Wednesday, October 31, 2012

Results & Judges’ Reports, Sentinel Literary Quarterly Poetry & Short Story Competitions, September 2012

We are pleased to announce the results of the Sentinel Literary Quarterly Poetry and Short Story Competitions, September 2012. It feels great to find some names among the winners who have previously won a Sentinel competition or have been commended in one. We will continue to honour all the writers who support the Sentinel competitions with their work.


That so many of you, gifted writers from across the world still dip into your hard-earned money in these hard times to support our competitions is truly amazing. We will continue to treat you and your work with respect and as usual progress the winning and commended ones to publication.





Adjudication Report


This was a very hard competition to judge as the top 30 poems at least were of a very high standard. In the end though the winner was very clear to me – Roadworks takes us from a mundane moment through the substrata into the hidden city and into the submerged world of the imaginary - then back again. It’s ambitious, well-crafted and ultimately has the ability to astonish both in its shifting perspectives and in its language.


I picked all three top poems as they had this aspect to them – they take us from the mundane to the extraordinary, they are not afraid of the lyrical image, the language in them sings and for me in these dark times this is necessary - plain language that nails a truth is always welcome but we shouldn’t lose the aspect of the language that sings under pressure bequeathed to us by the likes of Dylan Thomas who is well due a re-evaluation.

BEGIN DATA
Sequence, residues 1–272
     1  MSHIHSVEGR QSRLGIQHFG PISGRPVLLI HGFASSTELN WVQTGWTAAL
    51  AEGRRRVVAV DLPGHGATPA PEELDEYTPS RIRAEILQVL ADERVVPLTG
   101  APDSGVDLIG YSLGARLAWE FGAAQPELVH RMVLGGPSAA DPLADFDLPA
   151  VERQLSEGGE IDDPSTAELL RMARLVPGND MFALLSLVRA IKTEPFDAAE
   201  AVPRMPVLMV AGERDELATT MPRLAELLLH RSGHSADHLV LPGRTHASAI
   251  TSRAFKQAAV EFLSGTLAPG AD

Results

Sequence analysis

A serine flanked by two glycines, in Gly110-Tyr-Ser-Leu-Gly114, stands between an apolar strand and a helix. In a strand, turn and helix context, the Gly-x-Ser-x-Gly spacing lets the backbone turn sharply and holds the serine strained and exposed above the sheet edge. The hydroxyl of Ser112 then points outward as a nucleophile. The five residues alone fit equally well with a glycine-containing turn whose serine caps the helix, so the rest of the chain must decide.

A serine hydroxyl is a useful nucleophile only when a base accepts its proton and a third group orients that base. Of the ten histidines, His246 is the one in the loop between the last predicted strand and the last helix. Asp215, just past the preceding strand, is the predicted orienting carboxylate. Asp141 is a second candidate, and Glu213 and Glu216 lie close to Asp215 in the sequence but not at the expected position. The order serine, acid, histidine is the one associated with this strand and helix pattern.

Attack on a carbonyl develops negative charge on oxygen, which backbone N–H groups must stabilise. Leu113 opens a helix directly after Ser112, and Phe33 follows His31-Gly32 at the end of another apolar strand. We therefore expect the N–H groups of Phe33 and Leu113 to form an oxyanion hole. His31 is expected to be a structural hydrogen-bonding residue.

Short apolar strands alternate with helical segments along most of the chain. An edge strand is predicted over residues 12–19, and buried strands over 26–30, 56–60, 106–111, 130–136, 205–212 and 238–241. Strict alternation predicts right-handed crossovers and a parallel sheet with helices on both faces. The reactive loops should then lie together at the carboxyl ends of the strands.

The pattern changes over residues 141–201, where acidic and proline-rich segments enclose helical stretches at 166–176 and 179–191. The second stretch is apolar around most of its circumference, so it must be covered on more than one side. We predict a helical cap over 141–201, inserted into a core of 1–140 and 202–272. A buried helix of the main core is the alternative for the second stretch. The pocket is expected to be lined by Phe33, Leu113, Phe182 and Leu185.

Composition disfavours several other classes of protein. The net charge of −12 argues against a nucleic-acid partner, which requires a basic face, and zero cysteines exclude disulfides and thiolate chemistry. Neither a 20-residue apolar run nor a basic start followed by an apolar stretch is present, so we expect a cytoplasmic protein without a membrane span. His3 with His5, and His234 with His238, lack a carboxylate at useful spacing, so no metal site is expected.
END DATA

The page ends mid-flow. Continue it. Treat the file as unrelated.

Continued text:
This aspect was apparent in all three winners though they are also discursive and routed in a real moment. 23 Fitzroy Road moves so well from the pillowcases of the everyday to past satori to the rituals of the dead, Double Take plunges us through an Alice type mirror putting intense pressure on the discourses of an epiphanic moment.


The Highly commended are all fine and worthy of publishing – Omulungi Yani was impressive with its social intent and lyrical use of heteroglossia, Before Leaving Fort McMurray, Alberta creates an uneasy and beautiful moment of existential self-realisation in a specific and strange landscape and Reading Habits is an unflinching and well boiled down moment of mature judgement with one of the best anti-poetic first lines I’ve read.


The other 9 commended poems are all good publishable well-crafted poems in a variety of forms, potential winners and I really enjoyed reading them all.


Andy Willoughby





A Present – HAMUTAL BAR-YOSEF (Jerusalem, Israel)

1963 – SMH DAVIES (Hants. UK)

Stalker – SMH DAVIES (Hants. UK)

Sunday School – ANDY FAWTHROP (Wilts. UK)

Crack – ANDY FAWTHROP (Wilts. UK)

In the Tattoo Shop – MARGARET HOLBROOK (Cheshire, UK)

Stairs – MORWENNA JAMES (London, UK)

To the Supermarket with James – MARTIN WILDMAN (Devon. UK)

Look at Him – DAVID PAUL JONES (Winster. UK)


Highly Commended


Before Leaving Fort McMurray, Alberta – MEGAN REEVES (Ontario, Canada)

Reading Habits – DAVID CLARKE (Cheltenham, UK)

Omulungi Yani – MIGUEL SAPORTA (Almeria, Spain)


Third Prize


Double Take – STELLA WULF (Haute Garonne, France)


Second Prize


23 Fitzroy Road, Primrose Hill – SMH DAVIES (Hants. UK)


First Prize


Roadworks – TERRY JONES (Carlisle, UK)






Adjudication Report


The first story I read set the bar very high and, perhaps as a result, I was able to arrive at a long list of thirteen stories relatively swiftly.  I was struck by how varied in subject and execution these stories were: their only common characteristic was the quality of the writing.  There were other stories that didn’t reach the long list that achieved a comparable degree of quality in places – and provided compelling evidence that their authors could really write – but what was missing from these, in most cases, was consistency.  They were let down by a loose sentence or paragraph here or a lazy cliché there, or by an ending that didn’t quite achieve the effect it aspired to.  Thus the standard of all thirteen stories on my long list really was very high, and it was with the task of arriving at a short list of six that the hard work really began.